"We need to share our Catholic teaching with courage and clarity," said a memorandum sent to parishes recently by Mary Jo Tully, chancellor of the Archdiocese of Portland. "We need to reach out to our teachers and to our parishioners. We need to form and to persuade. We need to be advocates for change."
Tully has joined other lay Catholics on the board of Oregonians for Alternatives to the Death Penalty.
With statements from the catechism, Pope John Paul II, the U.S. bishops and most recently Portland Archbishop John G. Vlazny, Oregon Catholics are being urged to oppose execution as an affront to the sanctity of life as well as an ineffective and expensive public policy.
According to the article, Catholic leaders believe capital punishment encourages the idea that violence is an appropriate solution to social problems. I agree with this. My view has always been that you can't tell the people don't kill each other and then kill the ones who disobey. It's moral hypocrisy.
The Oregon Catholics are also concerned with the fact that innocent people have probably been executed. Archbishop Vlazny of Portland recently commented on the arbitrary and disproportionate application of the death penalty against the poor and minorities.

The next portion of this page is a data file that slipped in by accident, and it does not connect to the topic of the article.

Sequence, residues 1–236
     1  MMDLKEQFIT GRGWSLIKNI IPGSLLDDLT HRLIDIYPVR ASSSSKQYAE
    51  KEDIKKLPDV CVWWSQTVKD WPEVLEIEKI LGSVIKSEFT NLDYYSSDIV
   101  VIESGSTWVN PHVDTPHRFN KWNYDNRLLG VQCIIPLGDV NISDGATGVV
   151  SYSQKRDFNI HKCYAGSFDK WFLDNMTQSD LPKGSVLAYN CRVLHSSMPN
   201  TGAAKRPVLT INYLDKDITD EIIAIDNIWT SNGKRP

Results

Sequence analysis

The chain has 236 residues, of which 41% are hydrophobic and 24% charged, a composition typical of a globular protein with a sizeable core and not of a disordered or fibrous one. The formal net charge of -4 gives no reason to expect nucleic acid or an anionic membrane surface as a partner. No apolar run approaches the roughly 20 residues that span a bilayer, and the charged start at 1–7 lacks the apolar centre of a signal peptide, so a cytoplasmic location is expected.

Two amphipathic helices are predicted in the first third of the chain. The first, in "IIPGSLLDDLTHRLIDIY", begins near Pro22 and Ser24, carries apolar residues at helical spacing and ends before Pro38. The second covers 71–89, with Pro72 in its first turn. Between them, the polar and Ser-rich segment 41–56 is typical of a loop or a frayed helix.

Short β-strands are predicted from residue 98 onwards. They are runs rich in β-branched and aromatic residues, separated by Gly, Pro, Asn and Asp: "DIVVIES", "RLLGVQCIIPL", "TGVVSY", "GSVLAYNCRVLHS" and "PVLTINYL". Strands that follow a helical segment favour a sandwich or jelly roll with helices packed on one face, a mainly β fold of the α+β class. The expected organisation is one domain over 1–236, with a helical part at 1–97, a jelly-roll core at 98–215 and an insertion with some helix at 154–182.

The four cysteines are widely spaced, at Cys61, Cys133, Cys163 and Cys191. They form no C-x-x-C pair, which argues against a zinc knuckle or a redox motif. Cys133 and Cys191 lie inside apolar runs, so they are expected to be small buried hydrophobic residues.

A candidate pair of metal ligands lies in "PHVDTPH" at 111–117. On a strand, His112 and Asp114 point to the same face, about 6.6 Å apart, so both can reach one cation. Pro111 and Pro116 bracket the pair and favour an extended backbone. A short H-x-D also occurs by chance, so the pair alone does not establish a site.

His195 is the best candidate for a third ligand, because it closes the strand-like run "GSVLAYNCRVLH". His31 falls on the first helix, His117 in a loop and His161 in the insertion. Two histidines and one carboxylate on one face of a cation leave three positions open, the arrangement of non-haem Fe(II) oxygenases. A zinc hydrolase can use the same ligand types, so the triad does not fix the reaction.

One part of the Catholic catechism says state acts of justice are meant in part to improve the offender and allow for possible redemption, even if it occurs within prison walls. The idea is linked to the Christian value of forgiveness, which comes straight from Jesus.
"If punishment is supposed to correct someone, you can't correct them by killing them," says Mary Ryan-Hotchkiss, a member of the peace and justice group at St. Pius X Parish in Portland.
At least these people have a consistent message. We can probably assume they're against abortion for the same reason they're against capital punishment. That's consistent. I'm the first one to point out the inconsistency in the right-wing Christian who is fanatically opposed to abortion yet when it comes to murdering murderers on death row has all kinds of biblical justifications. The Catholics in Oregon are better than that.
The problem is that concerning the death penalty and abortion, I have an inconsistent but opposite belief. I'm opposed to capital punishment in all cases for the same reasons mentioned above. But, when it comes to abortion, I'm pro-choice. I don't even think men should be talking about abortion too much, it's a women's issue, and we certainly shouldn't be trying to legislate it or control it.
Am I guilty of the same hypocrisy I accuse others of? Can a pro-choice stand on abortion be consistent with opposition to capital punishment.
What's our opinion?